Zelinsky: Too little, too late

During the 2008 election campaign, Hillary Clinton ran an ad suggesting that then-Senator Barack Obama would not be capable of handling an emergency call at 3 a.m. Recent events in the Middle East have proved her right. During the past few weeks, Mr. Obama has time and again failed to lead. His waffling policies on Arab rebellion have left the world unsafe, America’s international position unstable and millions at home disappointed. In 2008, voters thought they were electing a charismatic president who would move the country into a global future. Instead, they got an incompetent figurehead who cannot make tough decisions in dangerous times.

Consider Obama’s reluctance to take any action in Libya until the last moment. He looked consistently to inept international organizations to lead the way, from the U.N. to the Arab League. The second body, the majority of whose members are dictators, only belatedly sanctioned their fellow authoritarian — by then Gaddafi had essentially crushed the rebellion. The end result is too little too late to help the rebels in Benghazi. Now, the Arab League has started condemning the western involvement in Libya, suggesting that they alone can dictate our actions.

Obama sends a dangerous message: America’s foreign policy plays second fiddle to despots. Gone is John Kennedy’s conviction that the U.S. will “bear any price” in the defense of liberty. The new mantra: We only “oppose any foe” when the Arab league says so.

In choosing to let others take the lead on Libya, Obama signals that the United States will turn off the shining beacon on a hill. We will not aid those who fight a regime antithetical to our core beliefs. The result will be a global environment in which states supporting terrorism and leaders who murder their own people do not fear American scrutiny. It is reprehensible that the U.S. has not furnished even a single bottle of water to the Libyan rebels fighting the dictator responsible for the PanAm 103 bombing.

Unfortunately, we can expect China, Russia or another state to step into the power vacuum that Obama has created. These countries protect their own interests. And Yalies who support humanitarianism around the globe should cringe. The president has effectively handed power to the same nations and organizations that accepted genocide in Sudan to preserve oil contracts.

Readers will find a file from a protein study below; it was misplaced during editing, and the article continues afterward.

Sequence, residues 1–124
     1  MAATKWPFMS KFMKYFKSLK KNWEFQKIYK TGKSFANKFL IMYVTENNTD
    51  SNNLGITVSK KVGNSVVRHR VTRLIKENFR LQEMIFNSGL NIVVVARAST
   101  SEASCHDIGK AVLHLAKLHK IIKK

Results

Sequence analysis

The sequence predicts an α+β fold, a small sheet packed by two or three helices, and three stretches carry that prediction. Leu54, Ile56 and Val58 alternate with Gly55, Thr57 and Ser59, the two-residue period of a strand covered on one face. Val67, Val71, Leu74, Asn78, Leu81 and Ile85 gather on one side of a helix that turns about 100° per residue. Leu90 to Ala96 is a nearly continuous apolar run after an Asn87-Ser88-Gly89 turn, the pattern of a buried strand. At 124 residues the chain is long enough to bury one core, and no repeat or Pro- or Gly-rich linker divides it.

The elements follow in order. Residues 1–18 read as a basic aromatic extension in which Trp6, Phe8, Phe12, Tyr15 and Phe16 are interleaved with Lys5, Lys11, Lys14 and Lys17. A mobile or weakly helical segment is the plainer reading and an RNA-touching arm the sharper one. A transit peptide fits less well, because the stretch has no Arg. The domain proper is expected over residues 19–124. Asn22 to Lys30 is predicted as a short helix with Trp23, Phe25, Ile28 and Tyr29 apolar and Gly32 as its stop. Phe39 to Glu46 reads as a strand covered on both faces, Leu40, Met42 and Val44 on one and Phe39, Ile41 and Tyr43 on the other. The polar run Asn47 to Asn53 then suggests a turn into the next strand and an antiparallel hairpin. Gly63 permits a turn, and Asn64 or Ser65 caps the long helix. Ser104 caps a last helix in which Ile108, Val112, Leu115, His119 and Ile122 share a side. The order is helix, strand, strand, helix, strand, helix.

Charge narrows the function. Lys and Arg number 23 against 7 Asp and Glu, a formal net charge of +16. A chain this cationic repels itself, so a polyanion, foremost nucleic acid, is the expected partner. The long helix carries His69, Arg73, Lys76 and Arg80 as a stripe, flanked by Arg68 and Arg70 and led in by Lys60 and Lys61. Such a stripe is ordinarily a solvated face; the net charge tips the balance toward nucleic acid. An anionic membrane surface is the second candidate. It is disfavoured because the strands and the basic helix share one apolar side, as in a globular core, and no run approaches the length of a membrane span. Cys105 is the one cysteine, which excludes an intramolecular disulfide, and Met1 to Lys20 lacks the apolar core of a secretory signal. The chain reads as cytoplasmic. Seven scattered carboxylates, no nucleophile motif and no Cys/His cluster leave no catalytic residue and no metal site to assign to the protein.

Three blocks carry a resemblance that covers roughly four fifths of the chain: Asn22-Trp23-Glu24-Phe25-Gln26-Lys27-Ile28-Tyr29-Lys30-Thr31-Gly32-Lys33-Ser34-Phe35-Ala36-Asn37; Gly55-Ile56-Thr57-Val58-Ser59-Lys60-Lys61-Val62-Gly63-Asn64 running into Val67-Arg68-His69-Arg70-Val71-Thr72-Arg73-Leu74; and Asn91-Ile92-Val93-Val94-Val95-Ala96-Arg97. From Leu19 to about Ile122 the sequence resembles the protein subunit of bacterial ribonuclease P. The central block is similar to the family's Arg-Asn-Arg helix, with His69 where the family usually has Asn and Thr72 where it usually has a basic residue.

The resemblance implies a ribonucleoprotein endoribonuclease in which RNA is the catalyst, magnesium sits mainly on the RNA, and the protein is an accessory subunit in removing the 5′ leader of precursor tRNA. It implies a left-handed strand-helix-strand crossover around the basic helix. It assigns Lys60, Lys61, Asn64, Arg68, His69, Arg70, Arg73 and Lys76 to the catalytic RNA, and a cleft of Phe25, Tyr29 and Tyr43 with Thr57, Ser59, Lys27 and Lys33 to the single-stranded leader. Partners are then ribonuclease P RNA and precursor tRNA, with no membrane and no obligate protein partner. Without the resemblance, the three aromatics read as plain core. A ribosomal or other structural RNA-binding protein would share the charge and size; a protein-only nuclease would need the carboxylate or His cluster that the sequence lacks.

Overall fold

It’s no surprise that Obama waits on the beck-and-call of the so-called international community. This has been his policy from his first day in office. He doesn’t believe in an America that leads. He doesn’t think America has a unique role to play in the world. Say goodbye to Lincoln’s last, best hope of mankind. It says something when French planes were the first to fly peacekeeping missions over Libya.

But, some might retort, by creating a multinational coalition with a mandate and letting others take the lead, Obama shields the U.S. from global criticism. Unlike with the invasion of Iraq in 2003, the rest of the world will view our actions in Libya as legitimate and legal. Regrettably, this has not been the case. Protests against western military action have already begun cropping up around the globe, most recently in Greece. What is more, in the time it took Obama to rally an international posse, Gaddafi’s forces had reclaimed almost all rebel-held territory. The new, seemingly fierce, American bombardment is really just an attempt to make up for lost time.

Thomas Jefferson ordered naval ships forces into Tripoli two centuries ago in order to end the tyrannical rule of the Barbary pirates. It’s time Obama sent them back in force. Imposing a no-fly zone is a good start, but we need more. While recent strikes against Libyan ground forces have indeed begun, comments from the White House and the Secretary of Defense suggest they will soon stop. This would be a mistake. America should remove all of Gaddafi’s offensive military capabilities so that he poses no threat to the rebels, his own people, or the rest of the world. A good place to start would be the over 11 tons of mustard gas, a deadly chemical weapon, stockpiled in Libya.

Obama and our allied partners also maintain that no ground forces of any kind will enter Libya — a concession to the Arab League. Today, there is a humanitarian crisis developing on the ground before our eyes, with few having access to adequate medical care and many in need of food. How do they suppose we help these starving and hurt civilians without peacekeeping forces to protect Western doctors and aid workers? The unreasonable restriction on American use of force will hamper our humanitarian efforts in the days to come.

President Obama has failed to inspire this nation. His listless policies create an impotence from which America watches the slaughter of innocents. Obama has handed over the protection of the earth to crackpot organizations, two-bit dictators and the French. His legacy of lateness will be a weaker U.S. and an unstable world. Remember these moments when you head to the polls in 2012.

But then again, what did we expect when we put a community organizer in the White House?

Nathaniel Zelinsky is a sophomore in Davenport College.

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